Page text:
Ice Lake


Forest Service Trail #1808

Why? It’s one gorgeous spot.

Season: July through September

Ease: Difficult. It’s 5 miles and 2,360 feet up from the West Fork Wallowa River Trail #1820 to Ice Lake, or 7.7 miles and 3,250 feet up from the Wallowa River Trailhead.

I’m not sure that Ice Lake is the most beautiful spot I’ve ever been, but it’s right up there
if we’re talking lakes. Of course it helps that its surrounds were carpeted with wild flowers when I visited, flowers in a place with a condensed blooming season. Flowers that would be in bloom over several months elsewhere were in bloom at the same time at Ice Lake.

But even without the flowers, the lake is gorgeous. It’s clear turquoise in color, ringed with a pale-aqua shallow area along the shore. The rounded forms of the Hurwall Divide and Matterhorn dominate the background, their white marble and limestone tops dissected into geometric shapes by tan lines. There also are jagged ridges and peaks in various shades of gray around part of the lake, as well as straight-sided but angled slopes formed of glacial debris and dark brown basalt outcroppings.

Some areas around the lake are treed. Some are bright green from the snowmelt and spring water that pass through as they move toward the lake. On a clear day, the whole scene is topped with blue skies and white clouds, everything reflected on the lake’s surface.

Not surprisingly, it’ll take a bit of work to get there, especially if you start at the Wallowa Lake Trailhead. But most of the uphill comes after the Ice Lake trail leaves the Wallowa River trail 2.8 miles in. It starts with gentle switchbacks for the first few miles, with one stretch of talus slope you’ll get tired of crossing again and again. Along the way there are grand larches, as well as sumac, aspen and vine maple.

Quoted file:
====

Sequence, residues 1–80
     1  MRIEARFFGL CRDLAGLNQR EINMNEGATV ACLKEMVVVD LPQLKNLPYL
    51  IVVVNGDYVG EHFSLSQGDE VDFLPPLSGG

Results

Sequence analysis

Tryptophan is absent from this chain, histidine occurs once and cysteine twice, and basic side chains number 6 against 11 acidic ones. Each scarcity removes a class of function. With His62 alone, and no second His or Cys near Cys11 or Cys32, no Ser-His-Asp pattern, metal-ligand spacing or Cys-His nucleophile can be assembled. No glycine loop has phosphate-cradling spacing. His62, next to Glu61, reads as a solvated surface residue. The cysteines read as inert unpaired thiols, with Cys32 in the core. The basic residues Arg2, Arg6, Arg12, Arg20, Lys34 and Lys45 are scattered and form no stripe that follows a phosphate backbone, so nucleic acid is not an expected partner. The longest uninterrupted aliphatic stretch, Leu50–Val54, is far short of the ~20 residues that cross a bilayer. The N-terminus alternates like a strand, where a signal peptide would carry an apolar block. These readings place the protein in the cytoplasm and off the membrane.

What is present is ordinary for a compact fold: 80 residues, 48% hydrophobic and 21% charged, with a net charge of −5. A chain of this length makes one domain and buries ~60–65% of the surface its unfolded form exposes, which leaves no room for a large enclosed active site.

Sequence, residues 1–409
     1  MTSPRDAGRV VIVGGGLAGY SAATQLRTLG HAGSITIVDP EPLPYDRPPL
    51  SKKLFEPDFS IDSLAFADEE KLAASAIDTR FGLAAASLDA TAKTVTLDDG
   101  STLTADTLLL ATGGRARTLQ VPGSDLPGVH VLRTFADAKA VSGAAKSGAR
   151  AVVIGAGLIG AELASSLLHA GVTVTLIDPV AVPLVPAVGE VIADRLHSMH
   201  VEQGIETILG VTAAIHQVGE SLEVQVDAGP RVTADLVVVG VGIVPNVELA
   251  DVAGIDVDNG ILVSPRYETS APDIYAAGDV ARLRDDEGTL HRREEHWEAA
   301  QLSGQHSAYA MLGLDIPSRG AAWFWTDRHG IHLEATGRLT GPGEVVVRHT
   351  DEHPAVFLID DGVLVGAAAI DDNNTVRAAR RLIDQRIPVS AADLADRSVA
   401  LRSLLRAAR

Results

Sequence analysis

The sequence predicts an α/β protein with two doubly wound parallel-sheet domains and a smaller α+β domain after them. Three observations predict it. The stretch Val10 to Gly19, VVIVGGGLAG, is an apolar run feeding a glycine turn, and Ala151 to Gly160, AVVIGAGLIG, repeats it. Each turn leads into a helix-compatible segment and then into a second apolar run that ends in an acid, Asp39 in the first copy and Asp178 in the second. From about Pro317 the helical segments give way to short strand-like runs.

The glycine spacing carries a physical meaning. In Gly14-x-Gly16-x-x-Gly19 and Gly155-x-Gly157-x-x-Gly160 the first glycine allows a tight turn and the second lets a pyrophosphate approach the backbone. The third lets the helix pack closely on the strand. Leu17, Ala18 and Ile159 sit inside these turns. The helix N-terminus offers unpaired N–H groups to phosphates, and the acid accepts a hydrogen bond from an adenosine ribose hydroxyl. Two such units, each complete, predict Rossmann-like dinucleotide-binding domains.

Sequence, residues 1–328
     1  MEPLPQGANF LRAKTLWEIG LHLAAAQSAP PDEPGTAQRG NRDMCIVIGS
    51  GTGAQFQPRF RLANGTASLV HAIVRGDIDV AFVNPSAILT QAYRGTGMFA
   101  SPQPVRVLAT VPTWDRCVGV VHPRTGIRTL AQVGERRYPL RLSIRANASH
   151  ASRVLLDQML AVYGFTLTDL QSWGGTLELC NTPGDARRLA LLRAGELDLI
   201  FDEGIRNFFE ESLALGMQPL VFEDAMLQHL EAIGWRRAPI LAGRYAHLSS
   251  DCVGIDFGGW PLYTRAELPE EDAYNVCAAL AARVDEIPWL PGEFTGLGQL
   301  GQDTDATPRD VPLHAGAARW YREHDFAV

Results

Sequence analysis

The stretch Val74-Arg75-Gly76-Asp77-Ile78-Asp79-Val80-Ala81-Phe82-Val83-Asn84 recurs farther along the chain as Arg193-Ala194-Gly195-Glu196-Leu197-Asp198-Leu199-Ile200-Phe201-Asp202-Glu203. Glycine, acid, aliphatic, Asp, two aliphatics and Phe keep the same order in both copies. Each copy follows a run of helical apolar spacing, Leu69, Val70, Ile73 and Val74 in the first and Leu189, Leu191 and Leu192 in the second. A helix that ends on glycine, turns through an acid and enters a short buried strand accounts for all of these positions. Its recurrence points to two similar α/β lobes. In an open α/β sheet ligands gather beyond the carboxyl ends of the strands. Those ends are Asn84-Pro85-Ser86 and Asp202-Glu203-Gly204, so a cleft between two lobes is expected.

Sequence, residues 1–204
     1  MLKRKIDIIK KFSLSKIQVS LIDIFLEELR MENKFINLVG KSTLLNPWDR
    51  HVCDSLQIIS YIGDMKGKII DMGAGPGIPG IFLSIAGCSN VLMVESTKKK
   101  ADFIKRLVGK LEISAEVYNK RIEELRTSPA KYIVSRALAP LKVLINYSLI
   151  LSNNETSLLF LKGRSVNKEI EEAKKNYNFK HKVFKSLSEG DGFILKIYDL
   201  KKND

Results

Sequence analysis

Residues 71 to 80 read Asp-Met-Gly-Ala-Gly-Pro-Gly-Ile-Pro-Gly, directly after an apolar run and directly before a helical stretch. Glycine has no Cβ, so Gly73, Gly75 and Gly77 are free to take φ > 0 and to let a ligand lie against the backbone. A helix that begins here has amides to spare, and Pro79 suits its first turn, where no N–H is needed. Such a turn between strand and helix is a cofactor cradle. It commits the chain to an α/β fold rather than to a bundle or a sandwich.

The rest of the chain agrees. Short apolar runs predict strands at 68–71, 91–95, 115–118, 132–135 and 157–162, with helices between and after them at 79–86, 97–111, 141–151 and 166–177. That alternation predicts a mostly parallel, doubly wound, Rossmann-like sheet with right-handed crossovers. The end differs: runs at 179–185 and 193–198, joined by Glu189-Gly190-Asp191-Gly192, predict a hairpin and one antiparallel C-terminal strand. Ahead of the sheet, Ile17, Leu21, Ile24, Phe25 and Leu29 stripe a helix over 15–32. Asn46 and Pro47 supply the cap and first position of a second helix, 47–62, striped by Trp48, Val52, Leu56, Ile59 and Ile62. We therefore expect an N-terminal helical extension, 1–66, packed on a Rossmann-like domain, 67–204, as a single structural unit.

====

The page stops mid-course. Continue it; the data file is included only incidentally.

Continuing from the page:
Eventually there’s a break in the form of a relatively flat open area with scattered trees. Take advantage of it, for there are a half dozen or so long switchbacks looming ahead that will take you up that steep hillside to the west, almost all of the rest of the way to the top and the lake.

One section of those switchbacks is particularly nice. Two or three corners outline rock gardens with plants tucked into every available growing space between the rocks. Some places were damp and some were dry, so the plants were diverse. One 20 square foot area must have contained over 30 different species of flowers in bloom.

Along the climb from river to lake there are many views of Adam Creek and its multitude of unique waterfalls. One looked like the prototype for amusement park water slides as it dipped and dropped over smooth rock, alternately creating pools and slides as it fell.

Many people hike to Ice Lake to climb the Matterhorn, overnighting at one of several campsites around the lake and making the 2,000 foot climb on the next day. There’s no trail, but it’s easy to see the way.

Note: I haven’t been back to Ice Lake since I visited it on a day hike in the early 1990s. Fiends of mine have, and say it’s not nearly as pleasant now. It’s overused and crowded and quite dirty. I’m sorry to hear that, for it truly is a place of great natural beauty. If I were to visit the lake now, I probably would camp on the West Fork Wallowa or in the flat area that’s part way up to the lake.

Directions: The Ice Lake trail takes off to the right 2.7 miles up the West Fork Wallowa Trail.

Information: U.S. Forest Service Wallowa Mountains Visitors Services, Joseph, OR, (541) 426-5546.

Maps: USGS Eagle Cap and Aneroid Mountain, Oregon; Imus Geographics Wallowa Mountains, Eagle Cap Wilderness, Oregon.